June 2008

Ahlberg v. Chrysler – Eighth Circuit Limits Evidence of Prior Litigation and Product Recalls and Sets Tough Standard for Former Employee “Expert” Testimony

Holland & Knight Newsletter
Matthew Zimmerman

Plaintiffs often seek to expand the scope of admissible evidence far beyond that necessary to prove the elements of their case. They do so because proving the elements of a product liability claim can sometimes be more difficult than attempting to score jury points with evidence of retrofits, recalls, prior lawsuits, customer complaints and former employee expert testimony – evidence that is often more prejudicial than probative. Plaintiffs also use this type of evidence to pressure defendants, who prefer to avoid the public airing of dirty laundry and risk of negative media exposure, into settlement. Defendants must aggressively respond to these tactics. They can do so with motions in limine, Daubert1 motions or other motions challenging expert testimony and focused objections. And they can now use the recent Eighth Circuit decision in Ahlberg v. Chrysler Corp., 481 F. 3d 630 (8th Cir. 2007), for support.
The facts of Ahlberg, a wrongful death action, deserve attention. After leaving a 28-month-old child in a 1999 Dodge Ram pickup truck with the engine running, the decedent was killed while trying to stop the truck from rolling downhill. Allegedly the boy was able to shift the gear out of park and into reverse. The estate and survivors sued Chrysler – the vehicle’s manufacturer – and alleged all of the typical product liability claims.2 But the crux of the claims was that the failure to equip the truck with a brake-shift interlock (BSI) device – either originally or through a retrofit program – was negligent. A BSI device requires the driver to step on the brake before shifting out of park to prevent accidental acceleration. The plaintiffs attempted to use evidence of retrofits, recalls, prior lawsuits, customer complaints and a former employee expert to prove their claims. The trial judge, however, excluded all of this evidence. The jury subsequently returned a verdict for Chrysler on all counts. On appeal, the Eighth Circuit affirmed.

Exclusion of Evidence of Retrofits, Recalls, Prior Lawsuits and Complaints

Two Federal Rules of Evidence serve as the gatekeepers against the entry of certain types of evidence. Rule 401 defines “’relevant evidence’ as evidence having any tendency to make the existence of any fact that is of consequence to the determination of the action more probable or less probable than it would be without the evidence.” And, even if evidence is relevant, it may be excluded pursuant to Rule 403 “if its probative value is substantially outweighed by the danger of unfair prejudice, confusion of the issues, or misleading the jury, or by considerations of undue delay, waste of time, or needless presentation of cumulative evidence.” Importantly, the application of these rules rests squarely within the trial court’s discretion, which will not be reversed absent a clear and prejudicial abuse of discretion. Id. at 632. And the analysis is fact intensive. Accordingly, it is crucial to win evidentiary battles before the trial judge because reversing an evidentiary ruling on appeal is very difficult (of course, as demonstrated in Ahlberg, it will be equally difficult for a plaintiff to challenge the exclusion of evidence.)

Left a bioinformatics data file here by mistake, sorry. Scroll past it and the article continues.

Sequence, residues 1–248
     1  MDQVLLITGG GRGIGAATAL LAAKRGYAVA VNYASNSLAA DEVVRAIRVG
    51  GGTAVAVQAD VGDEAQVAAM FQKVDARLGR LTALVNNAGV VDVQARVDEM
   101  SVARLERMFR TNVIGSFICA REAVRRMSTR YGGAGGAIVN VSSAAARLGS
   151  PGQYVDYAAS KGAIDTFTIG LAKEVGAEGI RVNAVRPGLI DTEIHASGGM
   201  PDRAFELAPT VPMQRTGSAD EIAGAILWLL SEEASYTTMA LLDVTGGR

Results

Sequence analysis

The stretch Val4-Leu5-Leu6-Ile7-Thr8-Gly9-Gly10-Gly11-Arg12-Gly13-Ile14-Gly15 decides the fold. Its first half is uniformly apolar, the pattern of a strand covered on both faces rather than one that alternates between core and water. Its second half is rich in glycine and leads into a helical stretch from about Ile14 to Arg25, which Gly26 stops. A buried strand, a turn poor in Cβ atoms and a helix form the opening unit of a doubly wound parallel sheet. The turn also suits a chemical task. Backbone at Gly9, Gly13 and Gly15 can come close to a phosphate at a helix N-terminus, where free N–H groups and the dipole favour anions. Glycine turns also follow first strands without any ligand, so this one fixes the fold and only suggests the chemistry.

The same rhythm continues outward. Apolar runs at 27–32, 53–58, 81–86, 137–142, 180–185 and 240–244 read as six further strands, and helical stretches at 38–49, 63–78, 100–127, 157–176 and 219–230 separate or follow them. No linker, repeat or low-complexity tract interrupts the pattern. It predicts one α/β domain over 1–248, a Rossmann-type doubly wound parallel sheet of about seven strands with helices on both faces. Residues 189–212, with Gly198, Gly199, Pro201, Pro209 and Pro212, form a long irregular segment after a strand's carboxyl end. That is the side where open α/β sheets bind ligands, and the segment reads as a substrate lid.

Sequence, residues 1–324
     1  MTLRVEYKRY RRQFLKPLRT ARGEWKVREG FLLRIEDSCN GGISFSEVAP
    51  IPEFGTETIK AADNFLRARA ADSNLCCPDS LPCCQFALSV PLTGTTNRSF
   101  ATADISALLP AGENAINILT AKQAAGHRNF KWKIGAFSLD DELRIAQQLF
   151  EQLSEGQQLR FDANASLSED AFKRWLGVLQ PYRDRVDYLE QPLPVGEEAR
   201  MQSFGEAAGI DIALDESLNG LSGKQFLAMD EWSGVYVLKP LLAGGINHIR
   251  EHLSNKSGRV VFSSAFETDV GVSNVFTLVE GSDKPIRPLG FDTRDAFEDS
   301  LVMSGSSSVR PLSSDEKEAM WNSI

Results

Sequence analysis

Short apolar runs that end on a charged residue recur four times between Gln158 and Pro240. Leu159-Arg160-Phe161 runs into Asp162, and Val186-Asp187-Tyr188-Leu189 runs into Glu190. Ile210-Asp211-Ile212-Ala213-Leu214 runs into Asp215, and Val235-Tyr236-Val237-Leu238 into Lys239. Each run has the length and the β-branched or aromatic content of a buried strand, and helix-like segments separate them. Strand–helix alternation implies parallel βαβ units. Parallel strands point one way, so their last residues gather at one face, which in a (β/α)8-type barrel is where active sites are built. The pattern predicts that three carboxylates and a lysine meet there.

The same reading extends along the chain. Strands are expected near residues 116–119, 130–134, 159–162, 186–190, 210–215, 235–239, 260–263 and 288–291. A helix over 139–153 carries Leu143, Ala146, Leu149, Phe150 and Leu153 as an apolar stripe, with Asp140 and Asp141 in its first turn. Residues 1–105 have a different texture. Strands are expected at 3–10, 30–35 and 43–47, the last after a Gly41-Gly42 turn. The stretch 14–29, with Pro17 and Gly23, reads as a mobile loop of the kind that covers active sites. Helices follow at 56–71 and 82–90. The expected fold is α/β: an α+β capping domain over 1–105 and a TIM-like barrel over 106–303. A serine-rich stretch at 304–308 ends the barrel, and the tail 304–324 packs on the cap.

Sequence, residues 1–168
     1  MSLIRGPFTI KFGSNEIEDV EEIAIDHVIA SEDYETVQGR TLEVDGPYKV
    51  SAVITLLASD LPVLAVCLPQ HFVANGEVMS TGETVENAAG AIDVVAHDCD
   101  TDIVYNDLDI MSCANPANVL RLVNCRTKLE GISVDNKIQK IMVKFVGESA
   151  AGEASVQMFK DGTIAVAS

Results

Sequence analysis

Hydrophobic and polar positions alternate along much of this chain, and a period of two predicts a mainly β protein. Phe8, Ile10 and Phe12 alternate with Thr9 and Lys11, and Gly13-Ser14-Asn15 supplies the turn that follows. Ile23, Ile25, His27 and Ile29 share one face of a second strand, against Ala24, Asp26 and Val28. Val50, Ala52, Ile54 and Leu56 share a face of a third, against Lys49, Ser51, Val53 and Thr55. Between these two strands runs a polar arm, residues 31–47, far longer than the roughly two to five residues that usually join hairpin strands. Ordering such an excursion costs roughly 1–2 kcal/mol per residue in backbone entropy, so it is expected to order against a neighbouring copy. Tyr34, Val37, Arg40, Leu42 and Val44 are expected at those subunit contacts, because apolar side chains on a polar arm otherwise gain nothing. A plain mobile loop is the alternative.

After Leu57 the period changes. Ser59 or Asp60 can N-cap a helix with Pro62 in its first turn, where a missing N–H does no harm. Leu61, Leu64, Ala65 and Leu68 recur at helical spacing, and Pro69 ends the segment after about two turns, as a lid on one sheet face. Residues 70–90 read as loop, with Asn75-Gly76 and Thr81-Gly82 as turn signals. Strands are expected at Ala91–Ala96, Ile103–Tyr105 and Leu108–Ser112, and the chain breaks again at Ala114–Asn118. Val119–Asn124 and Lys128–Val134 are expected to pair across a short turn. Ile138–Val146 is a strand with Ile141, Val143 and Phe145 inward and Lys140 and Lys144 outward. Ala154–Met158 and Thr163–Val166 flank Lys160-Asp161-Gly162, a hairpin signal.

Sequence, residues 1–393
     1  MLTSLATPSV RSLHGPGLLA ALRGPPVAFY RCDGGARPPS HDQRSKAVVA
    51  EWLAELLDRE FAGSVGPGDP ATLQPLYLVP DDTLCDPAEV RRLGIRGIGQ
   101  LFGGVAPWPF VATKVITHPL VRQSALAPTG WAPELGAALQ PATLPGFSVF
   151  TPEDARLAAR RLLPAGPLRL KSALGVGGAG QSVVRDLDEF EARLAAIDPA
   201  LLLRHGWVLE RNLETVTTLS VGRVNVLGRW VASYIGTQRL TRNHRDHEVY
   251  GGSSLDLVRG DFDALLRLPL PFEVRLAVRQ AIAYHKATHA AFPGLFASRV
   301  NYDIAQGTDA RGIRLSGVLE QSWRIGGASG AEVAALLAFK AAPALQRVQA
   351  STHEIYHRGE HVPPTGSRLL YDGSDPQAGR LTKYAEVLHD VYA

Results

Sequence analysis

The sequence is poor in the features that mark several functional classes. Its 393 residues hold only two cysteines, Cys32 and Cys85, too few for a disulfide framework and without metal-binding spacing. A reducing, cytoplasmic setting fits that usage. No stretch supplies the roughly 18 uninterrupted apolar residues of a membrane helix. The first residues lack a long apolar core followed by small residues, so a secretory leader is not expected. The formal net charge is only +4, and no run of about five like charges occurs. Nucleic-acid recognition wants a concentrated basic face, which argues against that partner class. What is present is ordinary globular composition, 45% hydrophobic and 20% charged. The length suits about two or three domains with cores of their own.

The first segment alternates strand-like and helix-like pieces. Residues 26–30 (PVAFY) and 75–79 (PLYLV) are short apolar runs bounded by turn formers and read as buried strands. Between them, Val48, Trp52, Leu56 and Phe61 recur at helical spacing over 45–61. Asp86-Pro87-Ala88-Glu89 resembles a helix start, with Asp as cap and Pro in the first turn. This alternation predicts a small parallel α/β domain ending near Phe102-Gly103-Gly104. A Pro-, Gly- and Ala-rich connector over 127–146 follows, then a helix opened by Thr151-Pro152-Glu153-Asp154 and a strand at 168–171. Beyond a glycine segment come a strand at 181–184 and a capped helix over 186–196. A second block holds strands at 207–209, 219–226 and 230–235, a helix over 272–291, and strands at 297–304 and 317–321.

Exclusion of Retrofit Evidence

The plaintiffs in Ahlberg sought to admit evidence of retrofits performed by Chrysler on Jeep Cherokees in 1996 – even though their case involved a 1999 Dodge Ram pickup truck. The plaintiffs argued the retrofit evidence was admissible to prove numerous purported points, including notice, concealment, negligent design, dangerous condition and failure to warn. But the trial court excluded the retrofit evidence. It did so primarily because the evidence involved an entirely different vehicle. Moreover, the retrofit evidence was not relevant to prove feasibility of the retrofit, since Chrysler stipulated to feasibility. Thus, the retrofit evidence had limited probative value that was substantially outweighed by the danger of unfairly prejudicing, confusing and misleading the jury. Accordingly, for this type of retrofit evidence to potentially be admissible it must concern the same or substantially similar model as the product at issue or be used to prove some other relevant element, like feasibility. To exclude this type evidence, consider limiting the issues through stipulation. By stipulating to a relatively innocuous fact (i.e., feasibility), potentially devastating evidence can be excluded. Notably, “retrofit” was used interchangeably with “recalls” in this case, so the same analysis should apply to recall evidence.

Prior Lawsuits and Customer Complaints

The plaintiffs also attempted to use evidence of prior lawsuits and customer complaints3 concerning accidents involving Chrysler vehicles that lacked BSI devices. The evidence was properly excluded because no showing of substantial similarity was made. Notably, the trial judge determined that for any prior accident to be substantially similar it had to involve (1) a Jeep or Dodge truck with an automatic transmission manufactured between 1990 and 1999, (2) with a key left in the ignition, and (3) a child under age four. This standard was affirmed.
A party may offer evidence of prior accidents to show notice, causation, feasibility of correction, or magnitude of danger if a showing of substantial similarity is made. See, Drabik v. Stanley-Bostitch, 997 F.2d 496, 508 (8th Cir.1993). Even though the plaintiffs argued that the trial judge’s substantial similarity standard was too restrictive, the Eighth Circuit noted that it was broader than the standard used in other cases, because it permitted the introduction of accidents involving different trucks (by allowing Jeeps as well as Dodge trucks).